Why Virtual Construction Is The New Normal

I got a crash course in the fast growing field of virtual design and construction a couple weeks ago while reporting and writing an article for Forbes magazine on  the technology used to build a new medical center at the University of California, San Francisco (See “Building A Hospital Out Of Bits And Bricks”). The $1.5 billion project, begun three years ago, is being built virtually first — using 3D software from Autodesk, Graphisoft and Bentley Systems, and detailed input from a host of subcontractors. The aim is to find and fix the biggest problems in virtual mode, before ground is struck in December. As Atul Khanzode, director of virtual construction for DPR Construction, told me, “We get one chance to build this in the field. We can get 100 chances to build it virtually in the computer.”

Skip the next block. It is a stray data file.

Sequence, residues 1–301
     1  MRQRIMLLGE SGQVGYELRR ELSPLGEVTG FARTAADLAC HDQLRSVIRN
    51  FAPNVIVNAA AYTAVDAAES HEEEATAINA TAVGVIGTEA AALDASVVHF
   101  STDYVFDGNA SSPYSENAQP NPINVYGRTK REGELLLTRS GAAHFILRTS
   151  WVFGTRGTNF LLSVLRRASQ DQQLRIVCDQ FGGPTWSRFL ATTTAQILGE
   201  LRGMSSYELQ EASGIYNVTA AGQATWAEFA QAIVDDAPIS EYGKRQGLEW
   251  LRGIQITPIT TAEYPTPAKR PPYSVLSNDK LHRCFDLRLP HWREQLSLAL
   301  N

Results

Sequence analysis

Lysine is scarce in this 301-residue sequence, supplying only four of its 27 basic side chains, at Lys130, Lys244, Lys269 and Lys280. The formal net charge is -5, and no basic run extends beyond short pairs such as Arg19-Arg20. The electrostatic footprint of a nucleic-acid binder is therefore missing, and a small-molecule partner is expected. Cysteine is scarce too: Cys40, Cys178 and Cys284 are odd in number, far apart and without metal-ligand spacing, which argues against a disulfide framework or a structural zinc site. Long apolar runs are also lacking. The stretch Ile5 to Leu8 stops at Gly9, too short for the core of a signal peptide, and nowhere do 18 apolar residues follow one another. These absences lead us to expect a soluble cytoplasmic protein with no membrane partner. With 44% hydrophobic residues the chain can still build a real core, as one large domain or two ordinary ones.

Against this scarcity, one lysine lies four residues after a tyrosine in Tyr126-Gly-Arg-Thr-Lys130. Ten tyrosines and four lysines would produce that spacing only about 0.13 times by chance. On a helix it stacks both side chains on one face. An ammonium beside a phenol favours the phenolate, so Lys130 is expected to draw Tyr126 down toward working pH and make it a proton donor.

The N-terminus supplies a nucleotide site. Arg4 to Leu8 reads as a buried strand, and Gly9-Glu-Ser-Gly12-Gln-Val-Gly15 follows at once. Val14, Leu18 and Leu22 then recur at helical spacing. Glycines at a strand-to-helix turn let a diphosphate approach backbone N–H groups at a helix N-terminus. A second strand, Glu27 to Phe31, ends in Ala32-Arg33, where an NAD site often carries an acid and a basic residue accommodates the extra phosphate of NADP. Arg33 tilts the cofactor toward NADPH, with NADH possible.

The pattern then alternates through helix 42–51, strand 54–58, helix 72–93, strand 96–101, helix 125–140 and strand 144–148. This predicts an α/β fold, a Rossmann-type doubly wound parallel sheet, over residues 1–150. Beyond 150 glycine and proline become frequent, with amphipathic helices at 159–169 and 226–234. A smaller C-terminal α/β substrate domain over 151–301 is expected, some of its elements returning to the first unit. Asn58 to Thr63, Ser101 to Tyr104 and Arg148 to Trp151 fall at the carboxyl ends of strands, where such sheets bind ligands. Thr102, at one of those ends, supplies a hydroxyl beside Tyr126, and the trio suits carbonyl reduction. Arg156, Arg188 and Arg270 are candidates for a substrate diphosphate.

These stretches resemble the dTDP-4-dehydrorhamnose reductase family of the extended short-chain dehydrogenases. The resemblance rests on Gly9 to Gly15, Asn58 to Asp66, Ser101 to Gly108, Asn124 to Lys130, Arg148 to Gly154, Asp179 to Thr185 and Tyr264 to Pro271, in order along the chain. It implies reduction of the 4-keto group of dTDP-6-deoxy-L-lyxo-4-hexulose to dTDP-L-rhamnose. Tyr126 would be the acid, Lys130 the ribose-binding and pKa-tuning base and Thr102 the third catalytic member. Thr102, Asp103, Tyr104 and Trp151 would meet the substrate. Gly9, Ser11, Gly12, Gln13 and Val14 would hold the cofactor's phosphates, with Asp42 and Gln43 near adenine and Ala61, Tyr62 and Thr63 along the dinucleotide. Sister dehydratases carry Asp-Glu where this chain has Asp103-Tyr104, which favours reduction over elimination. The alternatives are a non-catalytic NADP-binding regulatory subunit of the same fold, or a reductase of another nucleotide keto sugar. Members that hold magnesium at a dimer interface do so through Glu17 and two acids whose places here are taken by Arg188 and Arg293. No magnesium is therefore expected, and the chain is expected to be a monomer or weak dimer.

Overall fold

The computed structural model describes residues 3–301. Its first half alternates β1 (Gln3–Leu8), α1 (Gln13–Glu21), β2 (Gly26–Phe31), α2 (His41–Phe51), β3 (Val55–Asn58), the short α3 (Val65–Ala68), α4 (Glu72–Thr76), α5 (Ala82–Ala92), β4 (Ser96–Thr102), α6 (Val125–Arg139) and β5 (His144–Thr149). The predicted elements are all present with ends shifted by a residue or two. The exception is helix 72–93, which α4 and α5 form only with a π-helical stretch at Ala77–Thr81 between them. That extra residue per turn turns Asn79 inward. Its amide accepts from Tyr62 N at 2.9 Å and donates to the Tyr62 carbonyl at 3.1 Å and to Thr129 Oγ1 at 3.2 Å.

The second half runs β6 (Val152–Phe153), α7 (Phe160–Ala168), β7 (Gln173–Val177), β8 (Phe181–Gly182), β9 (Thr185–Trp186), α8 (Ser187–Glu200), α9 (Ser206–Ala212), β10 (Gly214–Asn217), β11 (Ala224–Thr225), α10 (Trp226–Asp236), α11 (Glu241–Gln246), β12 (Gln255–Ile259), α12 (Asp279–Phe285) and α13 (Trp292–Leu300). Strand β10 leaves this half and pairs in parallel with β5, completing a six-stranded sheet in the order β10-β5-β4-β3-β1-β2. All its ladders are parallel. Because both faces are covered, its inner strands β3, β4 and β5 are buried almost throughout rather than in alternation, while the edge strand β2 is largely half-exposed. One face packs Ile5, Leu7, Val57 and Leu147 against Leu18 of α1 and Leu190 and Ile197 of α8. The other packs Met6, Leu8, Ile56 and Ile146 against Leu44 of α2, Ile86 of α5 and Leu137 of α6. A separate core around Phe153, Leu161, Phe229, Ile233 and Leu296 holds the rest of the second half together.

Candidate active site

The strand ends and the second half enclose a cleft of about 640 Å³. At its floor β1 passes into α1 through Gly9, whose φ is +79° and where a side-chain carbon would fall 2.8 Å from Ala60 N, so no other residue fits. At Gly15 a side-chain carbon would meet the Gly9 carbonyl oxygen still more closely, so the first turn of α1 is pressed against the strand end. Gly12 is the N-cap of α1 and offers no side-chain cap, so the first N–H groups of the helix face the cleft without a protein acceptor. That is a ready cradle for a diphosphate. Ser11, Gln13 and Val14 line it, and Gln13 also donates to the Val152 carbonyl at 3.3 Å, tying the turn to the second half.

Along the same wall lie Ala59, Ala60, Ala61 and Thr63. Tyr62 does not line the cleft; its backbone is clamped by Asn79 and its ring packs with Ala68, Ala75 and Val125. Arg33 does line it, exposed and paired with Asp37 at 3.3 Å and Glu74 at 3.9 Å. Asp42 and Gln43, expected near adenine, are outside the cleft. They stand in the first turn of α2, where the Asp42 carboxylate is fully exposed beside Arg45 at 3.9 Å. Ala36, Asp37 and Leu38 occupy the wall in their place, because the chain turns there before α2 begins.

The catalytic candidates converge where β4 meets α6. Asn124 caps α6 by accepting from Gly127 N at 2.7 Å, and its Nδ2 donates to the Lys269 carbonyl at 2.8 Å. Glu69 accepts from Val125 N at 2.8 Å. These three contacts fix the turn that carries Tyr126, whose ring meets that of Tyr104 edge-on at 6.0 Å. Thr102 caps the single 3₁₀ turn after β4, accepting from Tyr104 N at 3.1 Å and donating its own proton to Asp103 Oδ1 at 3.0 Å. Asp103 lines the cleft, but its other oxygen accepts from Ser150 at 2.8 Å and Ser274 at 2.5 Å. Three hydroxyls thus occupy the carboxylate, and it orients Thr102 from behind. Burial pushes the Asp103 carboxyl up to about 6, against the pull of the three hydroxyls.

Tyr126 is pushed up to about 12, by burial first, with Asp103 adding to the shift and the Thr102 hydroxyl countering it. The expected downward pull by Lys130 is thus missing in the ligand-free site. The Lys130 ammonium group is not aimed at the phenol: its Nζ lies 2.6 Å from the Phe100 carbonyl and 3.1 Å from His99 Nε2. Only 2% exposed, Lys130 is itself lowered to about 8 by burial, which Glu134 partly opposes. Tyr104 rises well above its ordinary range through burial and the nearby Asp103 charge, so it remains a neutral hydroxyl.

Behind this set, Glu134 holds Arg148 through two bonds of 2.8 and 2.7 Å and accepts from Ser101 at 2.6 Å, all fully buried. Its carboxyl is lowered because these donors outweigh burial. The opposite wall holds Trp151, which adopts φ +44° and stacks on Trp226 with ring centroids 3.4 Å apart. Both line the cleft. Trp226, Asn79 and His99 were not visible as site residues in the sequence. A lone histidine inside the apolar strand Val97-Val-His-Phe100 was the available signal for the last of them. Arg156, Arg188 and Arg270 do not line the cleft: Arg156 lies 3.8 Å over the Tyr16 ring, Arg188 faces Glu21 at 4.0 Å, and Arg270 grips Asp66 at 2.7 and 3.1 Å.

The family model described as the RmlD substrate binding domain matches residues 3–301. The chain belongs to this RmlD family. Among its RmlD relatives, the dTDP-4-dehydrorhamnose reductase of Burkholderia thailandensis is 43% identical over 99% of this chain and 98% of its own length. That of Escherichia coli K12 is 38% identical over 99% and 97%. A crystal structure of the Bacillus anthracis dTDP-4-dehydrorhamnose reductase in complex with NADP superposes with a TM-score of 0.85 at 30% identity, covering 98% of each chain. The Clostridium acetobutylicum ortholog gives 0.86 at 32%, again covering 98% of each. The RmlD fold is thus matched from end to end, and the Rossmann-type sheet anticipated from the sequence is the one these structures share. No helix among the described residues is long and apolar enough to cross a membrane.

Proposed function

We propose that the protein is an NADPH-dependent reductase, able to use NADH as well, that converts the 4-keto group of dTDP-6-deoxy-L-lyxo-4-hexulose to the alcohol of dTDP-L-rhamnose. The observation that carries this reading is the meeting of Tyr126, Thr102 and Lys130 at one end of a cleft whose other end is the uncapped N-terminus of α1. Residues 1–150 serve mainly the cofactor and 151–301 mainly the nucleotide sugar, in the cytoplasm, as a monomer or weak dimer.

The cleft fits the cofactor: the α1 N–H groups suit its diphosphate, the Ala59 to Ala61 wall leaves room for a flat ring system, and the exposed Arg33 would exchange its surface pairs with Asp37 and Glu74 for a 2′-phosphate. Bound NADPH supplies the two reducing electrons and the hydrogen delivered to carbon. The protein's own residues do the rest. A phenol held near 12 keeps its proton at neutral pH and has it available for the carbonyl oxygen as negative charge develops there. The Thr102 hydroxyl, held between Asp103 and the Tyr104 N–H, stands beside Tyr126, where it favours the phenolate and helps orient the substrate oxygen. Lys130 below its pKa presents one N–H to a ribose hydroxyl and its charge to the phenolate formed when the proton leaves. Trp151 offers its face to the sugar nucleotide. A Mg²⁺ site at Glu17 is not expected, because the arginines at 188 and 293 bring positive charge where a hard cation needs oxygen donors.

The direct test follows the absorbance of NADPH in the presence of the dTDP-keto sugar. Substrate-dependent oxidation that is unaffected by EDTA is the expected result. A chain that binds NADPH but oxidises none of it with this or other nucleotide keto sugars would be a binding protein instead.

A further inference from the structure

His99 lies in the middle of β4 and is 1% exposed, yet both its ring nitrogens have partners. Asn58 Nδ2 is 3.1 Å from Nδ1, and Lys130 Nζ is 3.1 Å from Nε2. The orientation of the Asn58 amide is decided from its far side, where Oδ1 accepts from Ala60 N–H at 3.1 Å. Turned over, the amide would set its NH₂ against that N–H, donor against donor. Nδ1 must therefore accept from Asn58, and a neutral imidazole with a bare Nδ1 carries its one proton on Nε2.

Virtual construction is now the norm for most large construction projects, thanks to advances in technology. “Three-dimensional design has been around for 25 years, but there wasn’t much intelligence to it,” says George Pfeffer, DPR’s project director for the UCSF Medical Center. Now, when a designer clicks on the image of a duct or a pipe, it takes him to a document with details about that duct or pipe.UTC_Duct_2nd_Flr FD INFO 9753568

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